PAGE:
Transparency needed for community centre project

It appears Cobourg Mayor Peter Delanty’s juggernaut reigns supreme one more time as the plans to hire a communications staffer and fundraising co-ordinator for the new Cobourg Community Centre sailed through council this past week.

Cobourg council will lay out about $300,000 for a communications consultant, as well as administrative, office and staffing costs, plus a request for tender from a fundraising campaign co-ordinator to help raise more than $3 million.

Councillor Bob Spooner and Deputy Mayor Gil Brocanier were quick to slap down Councillor Miriam Mutton’s objections when she questioned the need to hire anyone considering the skills of the fundraising committee, which include Katherine Mullin, Lynda Kay, Rhonda Cunningham, Gord Ley and John Ovens, all capable individuals who have the requisite knowledge and experience.

What Mutton failed to point out was the conflict of interest having two major fundraising organizations sitting on the committee. With Kay, who heads up the United Way, and Cunningham, who is in charge of the Northumberland Hills Hospital Foundation, it seems a bit awkward. No doubt their expertise is enormous and benefits the town to have such knowledge to assist. But, to actually sit on the committee means they can influence the fundraising during a period where organizations are competition for scare donations. Of course, they would never manipulate the situation to protect their own donors, but the perception makes it messy.

Then, there is the incredible call for a fundraising campaign organizer. With all the incredible talent within the town, it seems a bit wasteful the town needs to seek outside leadership. Community leaders like Bill Patchett, Don Conway, Lynn Harding, Bill Moebus, and just about any United Way campaign chair in the past few years are all good candidates.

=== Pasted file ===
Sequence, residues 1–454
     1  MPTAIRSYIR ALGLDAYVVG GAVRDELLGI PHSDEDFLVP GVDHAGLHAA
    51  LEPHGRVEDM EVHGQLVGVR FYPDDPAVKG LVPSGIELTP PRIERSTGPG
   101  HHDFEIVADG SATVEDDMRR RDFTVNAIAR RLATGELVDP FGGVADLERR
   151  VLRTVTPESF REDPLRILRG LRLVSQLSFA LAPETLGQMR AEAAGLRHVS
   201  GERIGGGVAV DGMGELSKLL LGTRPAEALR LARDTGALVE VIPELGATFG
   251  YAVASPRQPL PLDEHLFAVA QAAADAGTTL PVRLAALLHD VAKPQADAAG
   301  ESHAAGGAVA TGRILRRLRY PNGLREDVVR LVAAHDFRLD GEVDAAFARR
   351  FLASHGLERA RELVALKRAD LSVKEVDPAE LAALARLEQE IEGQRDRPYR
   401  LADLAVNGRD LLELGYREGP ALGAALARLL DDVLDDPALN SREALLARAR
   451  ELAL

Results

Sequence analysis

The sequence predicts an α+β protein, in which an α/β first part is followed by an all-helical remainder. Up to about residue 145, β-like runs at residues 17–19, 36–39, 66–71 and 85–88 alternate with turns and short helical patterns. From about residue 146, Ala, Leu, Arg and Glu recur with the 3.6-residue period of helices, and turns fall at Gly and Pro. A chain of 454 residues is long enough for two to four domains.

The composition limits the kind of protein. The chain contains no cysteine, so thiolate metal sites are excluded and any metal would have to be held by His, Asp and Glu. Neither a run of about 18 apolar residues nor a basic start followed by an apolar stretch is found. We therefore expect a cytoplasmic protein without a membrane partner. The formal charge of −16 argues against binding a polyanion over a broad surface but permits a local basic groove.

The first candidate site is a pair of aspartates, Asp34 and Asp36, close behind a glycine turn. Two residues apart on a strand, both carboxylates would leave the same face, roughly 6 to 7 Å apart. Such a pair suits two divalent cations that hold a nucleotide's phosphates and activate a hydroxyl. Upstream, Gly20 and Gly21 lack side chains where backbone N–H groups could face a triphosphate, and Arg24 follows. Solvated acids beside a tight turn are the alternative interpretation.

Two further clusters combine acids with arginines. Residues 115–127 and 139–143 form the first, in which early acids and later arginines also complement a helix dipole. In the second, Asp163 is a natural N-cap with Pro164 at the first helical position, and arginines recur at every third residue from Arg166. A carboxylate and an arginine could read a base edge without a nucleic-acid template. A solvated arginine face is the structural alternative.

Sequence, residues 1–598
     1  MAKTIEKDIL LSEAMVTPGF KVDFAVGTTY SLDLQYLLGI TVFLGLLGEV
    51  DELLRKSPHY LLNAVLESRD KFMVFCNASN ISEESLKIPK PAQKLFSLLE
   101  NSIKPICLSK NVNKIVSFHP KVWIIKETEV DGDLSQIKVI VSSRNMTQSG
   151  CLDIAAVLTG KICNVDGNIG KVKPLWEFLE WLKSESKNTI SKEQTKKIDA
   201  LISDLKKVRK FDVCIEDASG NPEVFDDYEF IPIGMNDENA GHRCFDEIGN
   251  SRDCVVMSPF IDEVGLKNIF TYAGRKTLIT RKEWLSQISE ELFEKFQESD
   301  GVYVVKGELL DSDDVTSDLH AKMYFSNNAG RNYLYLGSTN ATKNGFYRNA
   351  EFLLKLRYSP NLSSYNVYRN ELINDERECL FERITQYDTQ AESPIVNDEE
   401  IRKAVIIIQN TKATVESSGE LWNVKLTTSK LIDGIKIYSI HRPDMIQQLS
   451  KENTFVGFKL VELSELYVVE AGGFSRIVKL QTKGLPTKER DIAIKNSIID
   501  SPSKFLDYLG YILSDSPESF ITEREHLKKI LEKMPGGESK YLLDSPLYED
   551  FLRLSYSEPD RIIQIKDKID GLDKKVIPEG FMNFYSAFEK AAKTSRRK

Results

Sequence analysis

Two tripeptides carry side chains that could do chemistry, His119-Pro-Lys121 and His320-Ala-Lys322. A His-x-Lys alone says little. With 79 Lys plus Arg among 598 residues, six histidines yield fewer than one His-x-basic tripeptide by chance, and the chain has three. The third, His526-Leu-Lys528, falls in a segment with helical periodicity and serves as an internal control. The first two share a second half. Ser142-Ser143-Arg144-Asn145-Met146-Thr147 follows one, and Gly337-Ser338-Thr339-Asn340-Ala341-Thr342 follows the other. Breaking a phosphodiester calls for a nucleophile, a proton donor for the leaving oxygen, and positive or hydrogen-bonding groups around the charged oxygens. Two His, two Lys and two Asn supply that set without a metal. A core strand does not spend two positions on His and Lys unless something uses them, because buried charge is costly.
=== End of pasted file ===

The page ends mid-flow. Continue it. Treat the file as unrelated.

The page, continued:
Certainly, raising $3 million is no easy task and represents three times the amount the United Way is raising this year. And, with the tough economic times, it is going to be a tough job. By taking it to a formal process of requiring a request for proposal, it is no longer about community volunteers and it is professionalizing the campaign.

The danger is this may turn off some volunteers and donors because the town may end up with an outside firm. It made sense to have professionals raise help raise the $24 million for the new hospital six years ago. But that was completely different.

But, there are politics at work. Delanty is determined to push this project through council, just like he did with the rink/fountain project in the harbour. He has lined up his players and they are going to serve his goal. And, with his plans to run again in next year’s municipal election, he wants the project to be a success on all fronts for his campaign.

And, Mutton’s effort demonstrates how ineffective she is on council. Even when she raises very valid concerns, she is muted by weak, lame arguments.

Possibly public outcry may work. But, what might be more effective is for donors and service clubs to let council know it needs to clean up it act before any money will be raised and council moves forward.

A call for complete transparency is needed. The committee needs to get a housecleaning and the campaign and communications contracts needs to be revisited. If there is going to be a request for proposals, then both staff positions should require this so the community can see what the plans are going to be. Maybe then, donors will come on board.

If not, then let’s engage the local talent pool and create a body outside the mayor’s office that can do the job free of political interference.

Leave a Reply

This site uses Akismet to reduce spam. Learn how your comment data is processed.